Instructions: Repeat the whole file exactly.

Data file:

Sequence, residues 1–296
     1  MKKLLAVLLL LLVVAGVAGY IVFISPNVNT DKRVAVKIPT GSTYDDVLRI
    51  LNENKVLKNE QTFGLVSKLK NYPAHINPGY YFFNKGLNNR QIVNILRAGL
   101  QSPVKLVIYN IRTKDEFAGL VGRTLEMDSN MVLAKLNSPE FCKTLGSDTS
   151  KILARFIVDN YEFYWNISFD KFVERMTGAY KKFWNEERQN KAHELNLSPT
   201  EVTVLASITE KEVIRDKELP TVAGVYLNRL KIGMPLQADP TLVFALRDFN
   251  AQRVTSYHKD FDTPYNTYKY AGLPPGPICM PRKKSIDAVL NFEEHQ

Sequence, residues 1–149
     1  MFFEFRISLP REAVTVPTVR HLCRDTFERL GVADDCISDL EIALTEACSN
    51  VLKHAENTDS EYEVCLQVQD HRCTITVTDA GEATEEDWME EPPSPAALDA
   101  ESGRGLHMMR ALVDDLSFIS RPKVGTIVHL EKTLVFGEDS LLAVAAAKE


Sequence, residues 1–296
     1  MKKLLAVLLL LLVVAGVAGY IVFISPNVNT DKRVAVKIPT GSTYDDVLRI
    51  LNENKVLKNE QTFGLVSKLK NYPAHINPGY YFFNKGLNNR QIVNILRAGL
   101  QSPVKLVIYN IRTKDEFAGL VGRTLEMDSN MVLAKLNSPE FCKTLGSDTS
   151  KILARFIVDN YEFYWNISFD KFVERMTGAY KKFWNEERQN KAHELNLSPT
   201  EVTVLASITE KEVIRDKELP TVAGVYLNRL KIGMPLQADP TLVFALRDFN
   251  AQRVTSYHKD FDTPYNTYKY AGLPPGPICM PRKKSIDAVL NFEEHQ

Sequence, residues 1–149
     1  MFFEFRISLP REAVTVPTVR HLCRDTFERL GVADDCISDL EIALTEACSN
    51  VLKHAENTDS EYEVCLQVQD HRCTITVTDA GEATEEDWME EPPSPAALDA
   101  ESGRGLHMMR ALVDDLSFIS RPKVGTIVHL EKTLVFGEDS LLAVAAAKE